As some of you may already know, there is a site that is called Appharbor. It is well known in the .NET community as a cloud platform for deployment of .NET web applications , or in simple words- getting your Visual Studio Web project to run online in the “www._____.com” meaning (for non-local users). When I first heard of it I though “Cool, I get to deploy my first web site for free”(Appharbour has free features, good enough to get a simple site working). Well, my idea of “deploying” a web site in AppHarbor is waaaay far from a real deployment, but it’s a fun way of showing off as a site developer and a good practice. So let me give you my “comple7e for n00bs” guide and experience on this matter.
You can skip this part if you are more practice oriented.
So, basically Appharbor can serve as a, lets say, global Visual studio local-host server. It uses cloud technology. That is- it makes things you usually do on your computer on its servers. Things like testing, building, database management, etc.After that is finished, your project is deployed in a sub-domain(i.e. a site under appharbour) and can be accessed from anywhere, just like a normal internet site (Appharbour’s official explanation) To do this, it has to have the code. There are many ways to get a code online, but I’ll explain the option that GitHub provides us. Github uses a custom command prompt, called Git Bash to send files to its online repository(folders for your project/solutions). Once you manage to get it to the GitHub repostories it is send to Appharbour, where their server does its magic tricks and you have your application- up and running non stop.
GitHub- a quick set-up guide
To get your code to appharbour, you first need to get a service to send your code to them. I’ll use GitHub, since it’s one of the most popular ways of controlling/storing your codes online.
Firstly, you need to create your free or payed account on GitHub . After you have managed to log in, the real deal begins. Now, there are many user-friendly guides on Github about getting your first project online, but I’ll give you the needed minimum to get a project online. You can find more advanced features yourselves.
Next comes the GitHub instalation(get the download from GitHub’s setup guide). The instalation steps can be default, so just click Next and Install.After you download and install it, you need to set username, email and password caching- they are shown as prompt commands(execute them from Git Bash as admin) in the Set up GitHub guide that I posted few lines above. Now, you need to create a new repository(repo for short)- you can find the button for that at the top left side as a small book-like icon. You can think of repositories as “folders” meant for a single project. A name is the only important thing you need to set at this moment. After that you will see a set of instructions, describing how to do a test upload of a “README.txt” file. These instruction are again prompt commands, that are executed in the Git Bash. Skip the Global setup part(we already did this). After you have done the commands and click continue, you will see the README file online.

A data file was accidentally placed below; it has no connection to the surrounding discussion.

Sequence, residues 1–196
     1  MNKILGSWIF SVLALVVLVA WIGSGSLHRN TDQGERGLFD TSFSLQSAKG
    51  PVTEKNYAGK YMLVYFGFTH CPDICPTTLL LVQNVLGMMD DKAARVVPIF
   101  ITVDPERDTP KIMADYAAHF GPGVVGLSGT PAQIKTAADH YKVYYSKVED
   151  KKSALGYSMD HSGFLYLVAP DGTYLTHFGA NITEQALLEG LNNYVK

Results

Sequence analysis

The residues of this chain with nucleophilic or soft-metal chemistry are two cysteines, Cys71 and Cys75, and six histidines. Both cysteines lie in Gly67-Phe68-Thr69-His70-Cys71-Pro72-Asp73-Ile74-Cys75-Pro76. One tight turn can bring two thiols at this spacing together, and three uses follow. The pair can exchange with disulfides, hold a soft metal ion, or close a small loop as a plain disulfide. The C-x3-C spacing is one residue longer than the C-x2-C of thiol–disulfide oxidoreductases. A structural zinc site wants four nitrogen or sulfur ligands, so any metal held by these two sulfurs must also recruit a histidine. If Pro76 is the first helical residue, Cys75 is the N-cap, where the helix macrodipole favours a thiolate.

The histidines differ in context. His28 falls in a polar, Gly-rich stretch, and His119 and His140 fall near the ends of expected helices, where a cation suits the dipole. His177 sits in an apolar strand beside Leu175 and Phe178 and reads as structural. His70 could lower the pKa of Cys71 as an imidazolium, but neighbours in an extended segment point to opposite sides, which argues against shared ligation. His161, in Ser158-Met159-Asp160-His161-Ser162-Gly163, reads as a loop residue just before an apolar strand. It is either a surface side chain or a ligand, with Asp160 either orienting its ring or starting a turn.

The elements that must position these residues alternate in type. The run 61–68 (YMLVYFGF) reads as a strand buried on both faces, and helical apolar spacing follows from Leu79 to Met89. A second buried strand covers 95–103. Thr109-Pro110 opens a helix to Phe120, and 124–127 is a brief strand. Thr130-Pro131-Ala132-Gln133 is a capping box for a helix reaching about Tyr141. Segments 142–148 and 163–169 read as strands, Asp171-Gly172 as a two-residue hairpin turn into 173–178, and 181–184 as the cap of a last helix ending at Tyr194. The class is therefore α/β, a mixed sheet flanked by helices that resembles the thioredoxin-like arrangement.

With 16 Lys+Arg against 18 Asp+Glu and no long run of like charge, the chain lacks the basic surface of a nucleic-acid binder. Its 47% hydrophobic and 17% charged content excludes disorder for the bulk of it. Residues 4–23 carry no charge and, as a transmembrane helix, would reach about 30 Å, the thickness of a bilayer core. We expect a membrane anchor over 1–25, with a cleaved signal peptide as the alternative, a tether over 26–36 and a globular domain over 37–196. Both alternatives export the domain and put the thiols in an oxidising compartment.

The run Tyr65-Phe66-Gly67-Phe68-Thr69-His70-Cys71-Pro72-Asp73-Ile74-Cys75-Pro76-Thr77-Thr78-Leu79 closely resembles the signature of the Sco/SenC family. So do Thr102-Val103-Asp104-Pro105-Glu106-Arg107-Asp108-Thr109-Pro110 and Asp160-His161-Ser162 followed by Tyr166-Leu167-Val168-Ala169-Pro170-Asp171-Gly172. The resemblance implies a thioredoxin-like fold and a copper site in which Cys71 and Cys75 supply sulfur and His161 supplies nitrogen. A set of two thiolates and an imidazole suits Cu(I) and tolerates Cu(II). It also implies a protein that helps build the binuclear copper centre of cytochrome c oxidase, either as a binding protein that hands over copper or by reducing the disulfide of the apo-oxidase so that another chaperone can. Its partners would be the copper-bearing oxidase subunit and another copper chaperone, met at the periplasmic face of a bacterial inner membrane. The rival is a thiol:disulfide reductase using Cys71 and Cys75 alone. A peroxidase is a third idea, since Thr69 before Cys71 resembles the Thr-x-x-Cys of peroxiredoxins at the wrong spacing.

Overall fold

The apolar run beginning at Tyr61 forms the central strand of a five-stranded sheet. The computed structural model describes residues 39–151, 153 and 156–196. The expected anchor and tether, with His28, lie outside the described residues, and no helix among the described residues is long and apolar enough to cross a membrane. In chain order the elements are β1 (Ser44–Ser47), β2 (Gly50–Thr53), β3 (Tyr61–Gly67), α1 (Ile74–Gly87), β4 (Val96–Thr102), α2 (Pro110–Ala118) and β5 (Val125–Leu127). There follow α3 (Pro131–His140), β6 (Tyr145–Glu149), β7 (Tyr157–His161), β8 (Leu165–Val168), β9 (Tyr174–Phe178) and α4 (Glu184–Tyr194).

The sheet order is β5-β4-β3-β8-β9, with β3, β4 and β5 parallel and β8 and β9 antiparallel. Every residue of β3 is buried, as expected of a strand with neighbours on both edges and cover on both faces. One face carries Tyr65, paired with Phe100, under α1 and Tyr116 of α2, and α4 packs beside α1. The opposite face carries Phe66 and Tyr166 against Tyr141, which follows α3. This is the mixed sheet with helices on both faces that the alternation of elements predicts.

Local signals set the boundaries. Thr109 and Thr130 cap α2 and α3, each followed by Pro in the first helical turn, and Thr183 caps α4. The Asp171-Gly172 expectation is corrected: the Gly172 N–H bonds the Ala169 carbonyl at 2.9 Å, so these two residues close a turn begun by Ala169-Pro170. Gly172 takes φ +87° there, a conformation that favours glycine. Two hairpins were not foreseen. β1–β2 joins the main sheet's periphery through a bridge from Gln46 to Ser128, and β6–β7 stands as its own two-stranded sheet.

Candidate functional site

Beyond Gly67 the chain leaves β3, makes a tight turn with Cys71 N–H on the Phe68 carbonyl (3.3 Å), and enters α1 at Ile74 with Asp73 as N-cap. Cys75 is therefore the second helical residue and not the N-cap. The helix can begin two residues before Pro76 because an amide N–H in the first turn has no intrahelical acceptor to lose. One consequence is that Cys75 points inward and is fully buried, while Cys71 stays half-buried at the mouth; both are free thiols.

Connecting GitHub and Appharbor
So, now we have to make Appharbour “listen” to Gihub’s repostory, in which we will store our project. After we have registered and created a new application in Appharbour, here’s what to do:
– Open your application and click “Build URL”. Open notepad and click paste.
– Go to your project’s repository in GitHub and click the “Admin” Button. Go to Sevice Hooks, then Appharbour. Here you put in your slug and token from your Build URL. The slug is the part between the slashes after “applications” in the URL. The token is everything after “builds?authorization=”. Select “Active” and then click “Update Settings”. Now we are connected.
Getting your project up and running
Last few steps left. Now, we get our working solution and just copy-paste it to our newly created Github folder(usually found in C:/Users/<<your-username>>/). After which we open a Git Bash in that directory(right-click in folder => Git Bash). We use the following commands:
$ git add * – this command adds everything in the directory to a list for upload.
$ git commit -m ‘<<some-message>>’ – commits the files with some message. Always add a message when commiting.
$ git push origin master – sends the files to your online repository(this requires password)
Note: If you want to delete an item just delete it in the folder and do the same commands, but use git add * -A instead git add *.
Now, your application has been sent to Appharbour and is being build and testes. If it finishes successfully, your application is ready and you can see it by clicking “Go to your application”. If it shows a 403 error, that means your side doesn’t automatically redirect to the Home page. You can fix this by adding “/<<your-home-page-file>>.aspx” to the URL. That’s it, congratulations!